Backup: Ben Gottschalk

    NFL1000 ScoresDid not have enough snaps to qualify

    We haven't seen a ton of Ben Gottschalk in live action, but if the SMU alum is going to make it in the league, this is a good depth chart to be on, especially considering Smith's health the last few seasons.

            

    Team Need: 5/10

    Potential Draft Fits: Ethan Pocic, LSU; Kyle Fuller, Baylor

Defensive End

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    Michael Ainsworth/Associated Press

    Scheme: 4-3

    Starter: William Gholston

    NFL1000 Scores: 63.9/100

    NFL1000 Rank: 52/68

    William Gholston did not grade high in our rankings last year, but that didn't stop the Tampa Bay Buccaneers from giving the 25-year-old who had just three sacks a five-year, $27.5 million contract.

    Gholston's three-sack season of 2016 was his highest total of his four-year rookie contract, in which he's started 36 games for the Buccaneers. That's horrible value for a pass-rusher. The team must think he has room to grow, but it's hard to imagine him turning around his career to that extent. Playing to his averages, if he lasts the entire contract, Tampa will pay him nearly $2 million per sack. That money needed to go somewhere, I guess. 

               

    Starter: Robert Ayers

    NFL1000 Scores: 66.1/100

    NFL1000 Rank: 29/68

    Robert Ayers was considered a first-round bust with the Denver Broncos. In five years with the team, he recorded just 12 sacks. He then played two years with the New York Giants, where he recorded 14.5 sacks, with 8.5 of those coming in the second half of 2015. That's when he got hot as a replacement starter, as the Giants were going through their Jason Pierre-Paul episode.

    Last year, Ayers had 6.5 sacks with the Buccaneers, which was his second-best single-season sack total in his eight-year NFL career. He'll turn 32 in September. That's not a good sign. His $6 million salary is already fully guaranteed, though, so assuming that he's a starter in 2017 is a safe bet. The team has until the fifth day of the season in 2018 to decide if it wants to fully guarantee his third season of his three-year deal.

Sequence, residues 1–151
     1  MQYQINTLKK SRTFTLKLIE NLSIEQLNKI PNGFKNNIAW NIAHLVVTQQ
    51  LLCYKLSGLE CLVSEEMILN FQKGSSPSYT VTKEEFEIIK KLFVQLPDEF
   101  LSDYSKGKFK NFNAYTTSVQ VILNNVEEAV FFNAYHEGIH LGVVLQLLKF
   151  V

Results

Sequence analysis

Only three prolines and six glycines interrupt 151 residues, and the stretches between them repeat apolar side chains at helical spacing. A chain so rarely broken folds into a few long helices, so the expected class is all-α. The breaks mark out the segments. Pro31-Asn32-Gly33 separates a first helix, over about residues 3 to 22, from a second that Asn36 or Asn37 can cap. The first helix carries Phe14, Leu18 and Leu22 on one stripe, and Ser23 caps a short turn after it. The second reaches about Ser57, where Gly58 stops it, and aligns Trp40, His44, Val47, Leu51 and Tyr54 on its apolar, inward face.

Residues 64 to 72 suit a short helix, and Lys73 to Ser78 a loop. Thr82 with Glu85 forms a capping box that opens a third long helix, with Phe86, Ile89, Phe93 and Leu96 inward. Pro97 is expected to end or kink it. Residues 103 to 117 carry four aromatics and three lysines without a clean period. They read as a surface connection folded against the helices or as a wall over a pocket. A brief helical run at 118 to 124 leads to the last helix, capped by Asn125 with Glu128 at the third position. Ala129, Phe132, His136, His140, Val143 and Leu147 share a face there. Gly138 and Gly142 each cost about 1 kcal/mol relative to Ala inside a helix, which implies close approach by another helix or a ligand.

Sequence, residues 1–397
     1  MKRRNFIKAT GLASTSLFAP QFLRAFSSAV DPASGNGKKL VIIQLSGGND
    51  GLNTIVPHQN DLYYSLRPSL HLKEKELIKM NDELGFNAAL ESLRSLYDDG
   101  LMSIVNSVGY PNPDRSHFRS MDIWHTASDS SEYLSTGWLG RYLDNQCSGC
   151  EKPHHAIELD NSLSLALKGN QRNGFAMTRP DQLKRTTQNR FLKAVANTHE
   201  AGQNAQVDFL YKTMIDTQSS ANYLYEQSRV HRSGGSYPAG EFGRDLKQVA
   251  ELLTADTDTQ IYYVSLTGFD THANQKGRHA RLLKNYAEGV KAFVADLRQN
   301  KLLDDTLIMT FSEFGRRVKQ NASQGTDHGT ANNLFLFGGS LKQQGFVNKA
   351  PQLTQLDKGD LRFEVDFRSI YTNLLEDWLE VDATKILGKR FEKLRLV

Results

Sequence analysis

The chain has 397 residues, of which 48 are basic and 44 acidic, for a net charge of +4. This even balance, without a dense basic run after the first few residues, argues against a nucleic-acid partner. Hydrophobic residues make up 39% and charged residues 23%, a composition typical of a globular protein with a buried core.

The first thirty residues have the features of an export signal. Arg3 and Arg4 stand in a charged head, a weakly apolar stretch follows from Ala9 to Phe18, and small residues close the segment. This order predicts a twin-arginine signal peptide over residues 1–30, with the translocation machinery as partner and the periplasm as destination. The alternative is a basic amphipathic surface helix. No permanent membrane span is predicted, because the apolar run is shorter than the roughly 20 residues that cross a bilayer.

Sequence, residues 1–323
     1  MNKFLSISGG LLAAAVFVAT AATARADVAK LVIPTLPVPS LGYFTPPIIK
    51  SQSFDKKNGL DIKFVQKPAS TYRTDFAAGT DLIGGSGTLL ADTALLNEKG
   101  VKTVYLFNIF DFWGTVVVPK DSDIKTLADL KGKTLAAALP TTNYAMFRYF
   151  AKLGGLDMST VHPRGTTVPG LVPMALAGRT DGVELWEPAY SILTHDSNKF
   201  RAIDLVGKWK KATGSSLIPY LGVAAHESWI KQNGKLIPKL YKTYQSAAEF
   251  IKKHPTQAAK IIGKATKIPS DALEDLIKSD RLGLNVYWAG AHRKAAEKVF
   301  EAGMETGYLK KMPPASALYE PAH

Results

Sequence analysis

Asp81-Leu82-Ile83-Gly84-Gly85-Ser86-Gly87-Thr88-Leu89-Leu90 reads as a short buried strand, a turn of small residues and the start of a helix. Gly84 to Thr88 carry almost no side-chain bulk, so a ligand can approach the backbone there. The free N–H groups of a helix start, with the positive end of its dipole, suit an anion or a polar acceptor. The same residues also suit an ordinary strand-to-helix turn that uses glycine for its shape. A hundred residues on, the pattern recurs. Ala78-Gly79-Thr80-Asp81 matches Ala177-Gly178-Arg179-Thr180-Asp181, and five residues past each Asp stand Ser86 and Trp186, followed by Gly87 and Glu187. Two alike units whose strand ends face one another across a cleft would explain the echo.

Backup: Noah Spence

    NFL1000 Scores: 67.0/100

    NFL 1000 Rank: 19/68

    Noah Spence was an Ohio State transfer who landed with the Eastern Kentucky Colonels after some off-field issues. After poor showings at the combine and his pro day, Spence went from a Senior Bowl standout and projected first-round pick to someone who fell to the Tampa Bay Buccaneers in the second round.

    Last year, the team used the 6'2", 251-pounder as a pass-rush specialist, as the Buccaneers tend to like size at the point of attack. Spence is a tweener, but he flashed enough potential as a pass-rusher to show promise of being a future starter. That will have to wait until 2018, though, as the team thought enough of returning starters Gholston and Ayers to hand them plenty of promised money immediately.

    If you're judging by the team's actions, rather than film, Spence is a projected backup this year.

              

    Backup: Jacquies Smith

    NFL1000 Scores: Did not have enough snaps to qualify

    Jacquies Smith was tendered this offseason, but people don't understand how talented Smith was as a speed-rusher in 2015. In his first three seasons out of Missouri, the former undrafted free agent spent time with five teams, including the Hamilton Tiger-Cats of the Canadian Football League. He also missed most of 2016 after a knee issue in Week 1 led to his landing on the injured reserve list.

    Still, he recorded 13.5 sacks in 2014 and 2015, with 18 starts in those years. He's a finesse rusher, but there's room for that off the bench in Tampa, when its starting ends are of the base-end mold.

                    

    Backup: Ryan Russell

    NFL1000 Scores: 66.9/100

    NFL 1000 Rank: 22/68

    Ryan Russell is a 25-year-old who is making $615,000 this year and is slated to be a restricted free agent in 2018. He's not much of a pass-rusher, but he's a body, and for your fourth or fifth end, that's all you can ask for.

                

    Backup: Davonte Lambert

    NFL1000 Scores: 63.0/100

    NFL 1000 Rank: 59/68

    Davonte Lambert was a bit of a liability for the Buccaneers last year. For whatever reason, they used one of the deepest end rotations in the league. There's a lot of bodies involved. Still, for a 22-year-old undrafted free agent, there's not much more you can expect from him. He's a roster-bubble player, which shouldn't surprise anyone.

               

    Team Need: 1/10

    Potential Draft Fits: Carl Lawson, Auburn; Ejuan Price, Pittsburgh; Dawuane Smoot, Illinois

Defensive Tackle

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    Peter G. Aiken/Getty Images